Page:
From where I sit, last year was worse for the Republican Party and for progress than it ever was for President Obama. Yes, yes, I know what the conventional wisdom said about the president’s fifth year, but really, I don’t necessarily buy it. As a matter of fact, I think that when all is said and done by 2017, many people won’t even remember what the fuss was all about.
For example, the health care website was a dud in October and November, but as we speak, over 3 million people have signed up for health insurance through the portal and Medicaid, and the goal of signing up 7 million people by the end of March is eminently attainable. The Republican blahblahgosphere will say that not enough young, healthy people have signed up and that the death spiral will begin any time now, but since they’ve been wrong about everything related to the law (remember when the election of Scott Brown meant the end of the ACA?), why would we want to believe them now?
On immigration, the critics say that because there was no final bill last year that this was a failure for Obama. Not if we get a bill this year, and it’s looking more and more likely that we will. Not because it was a bad idea last year, but because the GOP has finally realized that they are national election toast of they don’t do something to help the Hispanic electorate that is running very quickly away from their party.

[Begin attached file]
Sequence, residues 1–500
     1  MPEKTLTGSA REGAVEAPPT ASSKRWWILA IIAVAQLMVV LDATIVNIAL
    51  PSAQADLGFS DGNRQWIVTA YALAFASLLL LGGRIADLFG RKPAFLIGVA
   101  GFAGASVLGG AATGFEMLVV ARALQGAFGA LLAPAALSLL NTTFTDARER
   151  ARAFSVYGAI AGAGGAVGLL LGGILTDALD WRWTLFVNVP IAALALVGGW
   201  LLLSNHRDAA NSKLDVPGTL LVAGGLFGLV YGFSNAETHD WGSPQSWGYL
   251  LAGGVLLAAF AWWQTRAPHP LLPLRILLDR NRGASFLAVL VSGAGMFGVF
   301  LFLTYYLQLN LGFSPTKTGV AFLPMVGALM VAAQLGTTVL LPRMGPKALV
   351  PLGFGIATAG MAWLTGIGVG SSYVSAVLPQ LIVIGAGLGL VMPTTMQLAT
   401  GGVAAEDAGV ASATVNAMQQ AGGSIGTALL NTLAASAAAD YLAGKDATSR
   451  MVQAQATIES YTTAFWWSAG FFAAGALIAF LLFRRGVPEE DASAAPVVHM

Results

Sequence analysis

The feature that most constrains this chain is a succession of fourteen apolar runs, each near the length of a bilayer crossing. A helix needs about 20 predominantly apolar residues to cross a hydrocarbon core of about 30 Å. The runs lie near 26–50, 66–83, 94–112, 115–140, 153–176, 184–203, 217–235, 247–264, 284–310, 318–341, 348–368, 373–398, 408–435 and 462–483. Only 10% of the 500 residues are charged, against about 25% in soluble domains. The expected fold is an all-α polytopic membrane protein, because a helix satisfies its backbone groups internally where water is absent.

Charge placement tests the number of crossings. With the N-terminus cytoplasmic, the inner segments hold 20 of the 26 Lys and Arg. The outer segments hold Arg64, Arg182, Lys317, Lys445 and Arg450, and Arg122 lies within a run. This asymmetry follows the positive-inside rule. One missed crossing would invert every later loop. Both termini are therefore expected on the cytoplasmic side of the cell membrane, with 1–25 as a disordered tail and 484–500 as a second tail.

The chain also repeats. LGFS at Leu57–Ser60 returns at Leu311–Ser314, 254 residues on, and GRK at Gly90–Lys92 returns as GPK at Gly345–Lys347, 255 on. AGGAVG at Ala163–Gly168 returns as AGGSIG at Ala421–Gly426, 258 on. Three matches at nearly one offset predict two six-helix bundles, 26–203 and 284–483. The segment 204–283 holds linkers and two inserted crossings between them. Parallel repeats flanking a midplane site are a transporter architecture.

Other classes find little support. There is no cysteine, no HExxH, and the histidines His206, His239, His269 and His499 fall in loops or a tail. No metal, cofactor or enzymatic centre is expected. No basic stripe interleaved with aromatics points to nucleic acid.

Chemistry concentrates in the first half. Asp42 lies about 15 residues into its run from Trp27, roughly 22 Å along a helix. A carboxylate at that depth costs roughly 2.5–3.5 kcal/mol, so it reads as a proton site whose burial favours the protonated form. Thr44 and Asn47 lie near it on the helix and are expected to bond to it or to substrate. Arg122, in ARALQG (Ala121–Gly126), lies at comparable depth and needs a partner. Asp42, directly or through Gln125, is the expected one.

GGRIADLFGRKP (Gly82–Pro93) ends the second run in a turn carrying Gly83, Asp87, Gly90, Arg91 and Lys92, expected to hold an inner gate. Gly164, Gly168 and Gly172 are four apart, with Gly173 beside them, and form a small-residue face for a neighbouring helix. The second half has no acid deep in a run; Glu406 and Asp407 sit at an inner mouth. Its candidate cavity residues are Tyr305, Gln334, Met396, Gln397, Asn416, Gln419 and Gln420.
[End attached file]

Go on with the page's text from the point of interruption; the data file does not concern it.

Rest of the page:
Likewise for the minimum wage, climate policy, appointees and foreign policy. In every one of these cases, the president won’t get Congress to sign on to his initiatives, but he’s laying the groundwork for later years or, most likely, for his successor who will most likely be a Democrat. At this point, Obama can do the most for this country by executive order and that’s what we’re likely to hear on Tuesday.
Most presidents, if they are remembered at all, are usually known for one or two major laws that transform the country. The ACA will be Obama’s main accomplishment, but I could see him also being remembered for the Consumer Protection Board and the president who saved the American automobile industry. Immigration would put him in the top ten lists of great ones. The right-wing knows this and that’s why their last-ditch efforts to derail anything Obama wants to do will be loud and scary. But that’s all they’ll be for years to come.
In the meantime, we are living through a trying time with a leader that history will remember fondly.0